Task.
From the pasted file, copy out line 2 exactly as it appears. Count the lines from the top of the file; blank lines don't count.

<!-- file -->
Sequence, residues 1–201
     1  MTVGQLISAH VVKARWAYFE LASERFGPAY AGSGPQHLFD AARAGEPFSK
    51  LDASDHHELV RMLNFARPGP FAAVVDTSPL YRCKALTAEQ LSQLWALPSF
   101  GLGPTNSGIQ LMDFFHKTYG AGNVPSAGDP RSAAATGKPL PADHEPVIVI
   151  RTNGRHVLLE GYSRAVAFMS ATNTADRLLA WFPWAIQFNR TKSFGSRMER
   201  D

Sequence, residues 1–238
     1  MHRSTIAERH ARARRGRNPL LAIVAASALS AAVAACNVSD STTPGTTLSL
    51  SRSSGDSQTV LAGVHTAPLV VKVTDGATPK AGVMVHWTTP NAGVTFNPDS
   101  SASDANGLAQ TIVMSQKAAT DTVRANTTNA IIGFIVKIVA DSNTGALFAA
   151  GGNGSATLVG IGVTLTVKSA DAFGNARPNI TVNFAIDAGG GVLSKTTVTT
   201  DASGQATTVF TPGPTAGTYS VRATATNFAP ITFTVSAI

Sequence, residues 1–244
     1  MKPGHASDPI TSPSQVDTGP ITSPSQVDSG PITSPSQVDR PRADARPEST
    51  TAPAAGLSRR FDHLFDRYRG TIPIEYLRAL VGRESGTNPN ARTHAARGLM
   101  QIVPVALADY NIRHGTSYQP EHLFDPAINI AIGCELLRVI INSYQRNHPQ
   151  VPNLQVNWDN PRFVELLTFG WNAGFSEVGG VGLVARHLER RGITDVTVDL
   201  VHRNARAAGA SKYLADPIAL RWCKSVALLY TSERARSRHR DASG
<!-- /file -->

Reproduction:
     1  MTVGQLISAH VVKARWAYFE LASERFGPAY AGSGPQHLFD AARAGEPFSK